Gayle Mann: Really true. Yeah. What I like about it is it forces you to stop for a minute and actually think, and…
Alison Jones: Maybe that’s what I hated about it.
Gayle Mann: I hate it too, because I don’t like to stop and actually reflect. And the question that Lucy-Rose asks me so often and I absolutely hate is what if you just stopped. And you know, The One Thing forces, I think, forces you to do that as well. And so it can be quite an uncomfortable place. That’s what makes it good, right?
Alison Jones: It is. And it also completely explains my initial reaction to it. Yes. I feel like I just had a slight therapy session here. Thank you. Brilliant. Thank you so much for your time today. It has been absolutely great talking to you and just, you know, brilliant is going to unpack a bit more of why you do what you do and why it matters, which, you know, it’s just so powerful.
I think what you’re, the service that you’re doing for entrepreneurs is brilliant. If people want to find out more about you and more about the book and the podcast, indeed, where should they go?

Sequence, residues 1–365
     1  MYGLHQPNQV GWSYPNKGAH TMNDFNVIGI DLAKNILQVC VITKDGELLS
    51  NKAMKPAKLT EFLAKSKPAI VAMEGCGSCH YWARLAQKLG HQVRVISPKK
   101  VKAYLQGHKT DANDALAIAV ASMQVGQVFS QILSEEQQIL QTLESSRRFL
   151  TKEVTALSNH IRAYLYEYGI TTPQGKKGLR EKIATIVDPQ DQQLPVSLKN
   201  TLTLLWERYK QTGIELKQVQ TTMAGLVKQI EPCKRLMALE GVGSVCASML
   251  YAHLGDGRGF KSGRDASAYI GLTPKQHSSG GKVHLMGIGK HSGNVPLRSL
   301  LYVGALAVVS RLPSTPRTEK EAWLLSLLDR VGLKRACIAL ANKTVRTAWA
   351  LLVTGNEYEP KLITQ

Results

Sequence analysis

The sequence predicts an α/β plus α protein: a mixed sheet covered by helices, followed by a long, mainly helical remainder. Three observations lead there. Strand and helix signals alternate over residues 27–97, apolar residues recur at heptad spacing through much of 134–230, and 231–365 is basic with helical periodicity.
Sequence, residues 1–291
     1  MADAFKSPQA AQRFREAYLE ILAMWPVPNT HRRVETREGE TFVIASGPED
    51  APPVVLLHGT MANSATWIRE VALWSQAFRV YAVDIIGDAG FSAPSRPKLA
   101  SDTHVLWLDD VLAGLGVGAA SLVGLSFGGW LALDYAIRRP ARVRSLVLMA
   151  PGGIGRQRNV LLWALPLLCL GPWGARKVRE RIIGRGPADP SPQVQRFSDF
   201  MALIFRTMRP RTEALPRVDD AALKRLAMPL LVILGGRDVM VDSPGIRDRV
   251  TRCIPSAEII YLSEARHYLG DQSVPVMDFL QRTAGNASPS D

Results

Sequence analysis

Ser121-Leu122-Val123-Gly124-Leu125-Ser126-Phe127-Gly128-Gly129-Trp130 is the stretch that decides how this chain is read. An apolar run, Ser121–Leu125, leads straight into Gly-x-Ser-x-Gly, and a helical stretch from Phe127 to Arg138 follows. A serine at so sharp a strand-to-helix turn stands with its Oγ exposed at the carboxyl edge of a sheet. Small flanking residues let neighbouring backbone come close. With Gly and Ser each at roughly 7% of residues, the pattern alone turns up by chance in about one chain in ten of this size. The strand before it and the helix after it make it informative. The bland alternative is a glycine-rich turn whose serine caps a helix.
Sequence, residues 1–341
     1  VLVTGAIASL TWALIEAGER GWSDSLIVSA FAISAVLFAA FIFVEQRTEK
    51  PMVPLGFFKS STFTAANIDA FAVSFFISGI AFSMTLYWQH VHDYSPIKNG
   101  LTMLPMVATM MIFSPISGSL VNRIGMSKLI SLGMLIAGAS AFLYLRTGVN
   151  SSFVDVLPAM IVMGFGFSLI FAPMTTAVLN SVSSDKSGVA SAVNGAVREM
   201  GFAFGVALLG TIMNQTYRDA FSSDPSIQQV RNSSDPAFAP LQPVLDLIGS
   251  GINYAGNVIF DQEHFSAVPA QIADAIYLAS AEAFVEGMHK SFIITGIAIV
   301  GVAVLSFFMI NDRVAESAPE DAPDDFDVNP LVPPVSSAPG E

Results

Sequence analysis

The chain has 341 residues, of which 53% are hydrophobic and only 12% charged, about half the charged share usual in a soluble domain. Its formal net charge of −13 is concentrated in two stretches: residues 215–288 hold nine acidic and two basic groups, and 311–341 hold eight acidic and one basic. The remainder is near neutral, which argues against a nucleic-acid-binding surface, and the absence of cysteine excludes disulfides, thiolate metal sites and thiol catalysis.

Gayle Mann: It’s a bit of a tongue twister, but, misadventuresinentrepreneuring.com is our website. We’re also individually on LinkedIn. EntrepreneuringMisadventures on Instagram, Twitter, and Facebook as well.
Alison Jones: There’s a lot of different ways that people can get in touch, I will capture the main ones and put those on the show notes at extraordinarybusinessbooks.com Brilliant, but actually misadventures and entrepreneuring are such distinctive words that, you know, if you’ve got access to Google, you know, it’s not going to be hard to find you, which is a lesson of its own when it comes to writing a book, isn’t it.
Gayle Mann: Very true actually. Yeah. And I don’t know if you remember, but it was all of the post-it notes on the table that day, when we had our session in London together that we came up with that word.
Alison Jones: I will never forget it. Yes, it was brilliant. And it was a real kind of shift in energy. Ooh, that’s nice. We like that word. Brilliant. Yes. Wonderful to have been part of that in a little way. Thank you so much for your time today.
Gayle Mann: Thank you so much Alison, Can I just say it’s been an absolute pleasure working with Practical Inspiration to bring this book to life. It’s been really wonderful expedience
Alison Jones: Aah wonderful, thank you. Well, the feeling’s mutual.
Gayle Mann: Thank you so much.